Anyone can become a validator without specialized equipment. What is The Ethereum Merge? - our team explains

Anyone can become a validator without specialized equipment - FXMAG.COM explains The Ethereum Merge

The biggest blockchain platform, Ethereum as well as the highest capitalized altcoin (ETH) received a groundbreaking update called The Merge. Under it, the Ethereum network now no longer needs to rely on the work of digital miners mining ETH tokens, in addition the platform has also changed its consensus algorithm to Proof-of-Stake.


What does this really mean for the average network user, what does this process involve and will Ethereum change as a result of the upgrade? Could such a wide-ranging change to the network go wrong?


What is The Merge?


Why did the ETH mining have to stop?


The Ethereum network was launched exactly on July 30, 2015 and only a dozen or so days later, in August of the same year, one of the first source code updates was introduced, which implemented the so-called Difficulty bombs . It is an algorithm that, at a specific moment of "detonation", is to rapidly raise the difficulty of mining in the Ethereum network to a level where further mining of ETH will be completely unprofitable, or even impossible. This moment has been described as a symbolic "Ice Age", after which miners will have nothing to look for in the Ethereum network, which is tantamount to abandoning the Proof of Work consensus algorithm. Today, hardly anyone remembers that the original bomb of difficulty was supposed to explode in the middle of 2017, thus starting the process of transitioning the Ethereum network to Proof of Stake using a protocol called Casper. As you know, nothing like that happened, because changing the consensus algorithm in such a complicated protocol as Ethereum was then turned out to be much more difficult than the developers expected. So it was necessary to make a change to the source code that delayed the activation of the Difficulty Bomb. The first such update, called Byzantium, took place in mid-October 2017. Ultimately, the bomb of difficulty was delayed four more times (including twice last year). This time, however, the moment has come - the bomb of difficulties, after five years of delay, was finally detonated on Thursday, September 15 in the early hours of the morning. Thus, the Ethereum network has now switched to a completely new consensus algorithm, operating in the Proof of Stake model. This is an important change because so far Ethereum was the second Proof of Work network after bitcoin in terms of computing power.


Of course, the departure from mining ETH is no surprise, the Ethereum network was designed from the beginning to eventually switch to a Proof of Stake algorithm. However, many miners had found a sort of "comfort zone" in Ethereum over the years and were opposed to changing the consensus algorithm. Sam Vitalik Buterin, co-founder of Ethereum, when asked about what the miners of ETH should do once The Merge had occurred, replied that a great alternative for them will be, among others, Ethereum Classic.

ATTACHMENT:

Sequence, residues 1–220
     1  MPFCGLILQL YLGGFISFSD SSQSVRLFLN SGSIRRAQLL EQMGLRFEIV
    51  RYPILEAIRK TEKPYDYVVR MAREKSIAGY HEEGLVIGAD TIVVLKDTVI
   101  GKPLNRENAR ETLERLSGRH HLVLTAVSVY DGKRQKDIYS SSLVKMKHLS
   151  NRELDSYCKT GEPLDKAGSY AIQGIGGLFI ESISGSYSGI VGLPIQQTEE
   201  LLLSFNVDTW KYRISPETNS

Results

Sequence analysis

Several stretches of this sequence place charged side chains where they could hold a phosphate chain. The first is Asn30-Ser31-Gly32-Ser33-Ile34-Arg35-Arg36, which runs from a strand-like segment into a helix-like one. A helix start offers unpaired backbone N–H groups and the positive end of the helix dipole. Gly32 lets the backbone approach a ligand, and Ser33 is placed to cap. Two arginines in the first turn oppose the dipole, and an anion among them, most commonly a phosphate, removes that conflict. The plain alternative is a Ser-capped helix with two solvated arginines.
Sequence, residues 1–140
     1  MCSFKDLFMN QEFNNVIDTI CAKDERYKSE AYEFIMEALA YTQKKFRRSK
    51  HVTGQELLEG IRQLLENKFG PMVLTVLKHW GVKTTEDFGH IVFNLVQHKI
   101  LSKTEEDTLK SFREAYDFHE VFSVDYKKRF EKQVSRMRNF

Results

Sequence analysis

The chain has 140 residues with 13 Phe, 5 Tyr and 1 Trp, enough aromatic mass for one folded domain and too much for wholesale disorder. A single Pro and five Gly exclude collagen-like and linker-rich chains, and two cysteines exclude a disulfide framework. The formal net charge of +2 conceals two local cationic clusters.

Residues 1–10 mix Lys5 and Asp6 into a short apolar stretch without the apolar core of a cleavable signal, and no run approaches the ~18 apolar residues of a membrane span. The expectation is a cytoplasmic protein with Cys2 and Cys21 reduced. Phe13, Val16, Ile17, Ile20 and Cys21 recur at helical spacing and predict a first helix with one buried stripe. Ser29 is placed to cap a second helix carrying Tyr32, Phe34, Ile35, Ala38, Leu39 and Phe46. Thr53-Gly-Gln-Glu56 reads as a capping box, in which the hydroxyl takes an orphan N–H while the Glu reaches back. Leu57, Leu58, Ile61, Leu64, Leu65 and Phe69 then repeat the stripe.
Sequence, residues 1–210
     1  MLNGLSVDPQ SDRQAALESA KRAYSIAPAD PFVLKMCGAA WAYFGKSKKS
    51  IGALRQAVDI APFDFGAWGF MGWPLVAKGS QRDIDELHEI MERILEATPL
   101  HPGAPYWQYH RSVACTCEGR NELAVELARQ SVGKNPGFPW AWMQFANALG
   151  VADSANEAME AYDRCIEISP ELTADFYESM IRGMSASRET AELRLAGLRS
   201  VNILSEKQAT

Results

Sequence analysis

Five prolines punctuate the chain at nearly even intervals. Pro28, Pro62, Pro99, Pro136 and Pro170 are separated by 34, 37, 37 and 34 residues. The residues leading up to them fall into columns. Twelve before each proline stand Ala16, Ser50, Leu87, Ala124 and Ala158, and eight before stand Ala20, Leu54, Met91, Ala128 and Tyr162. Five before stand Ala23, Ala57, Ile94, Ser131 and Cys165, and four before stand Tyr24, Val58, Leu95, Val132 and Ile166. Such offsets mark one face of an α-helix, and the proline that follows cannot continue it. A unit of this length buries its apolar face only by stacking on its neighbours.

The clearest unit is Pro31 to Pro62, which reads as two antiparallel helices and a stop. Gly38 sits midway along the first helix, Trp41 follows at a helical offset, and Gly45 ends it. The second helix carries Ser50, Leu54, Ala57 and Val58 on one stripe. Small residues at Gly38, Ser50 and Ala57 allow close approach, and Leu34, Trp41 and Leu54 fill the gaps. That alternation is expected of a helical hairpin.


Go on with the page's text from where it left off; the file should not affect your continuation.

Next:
A certain threat to the integrity of the Ethereum network may be art nouveau projects such as Ethereum PoW, which brings together miners who oppose the transition to Proof of Stake and want to continue digging ETH, thus separating from the main Ethereum chain (the Ethereum PoW hard fork took place in Wednesday morning).


Why is Ethereum's transition to Proof of Stake so important?


It is already known that the change of the Ethereum consensus algorithm was inevitable and - despite many years of delays - it finally happened. But why was Proof of Work not future-proof for the Ethereum network?


First of all, it concerns issues related to scalability, which in the Proof of Work model is simply too low (depending on how it is calculated, it is determined at approximately 25 transactions per second). It is worth remembering that the Ethereum network is completely different from, for example, bitcoin itself. Ethereum is much more extensive, and on the Ethereum blockchain (in addition to the ETH itself) there are thousands of large smart contracts and decentralized applications and tokens that generate network traffic and need more and more bandwidth. The problems of Ethereum clogging and growing transaction fees resulting from low bandwidth have been occurring in the entire ecosystem for years, although the first real stress-test for Ethereum was the explosion in popularity of the decentralized application with NFT CryptoKitties, which at the end of 2017 was able to "clog up" the entire network. Staying with the Proof of Work consensus algorithm would greatly reduce the potential for future network scalability enhancement. However, that's not the only problem.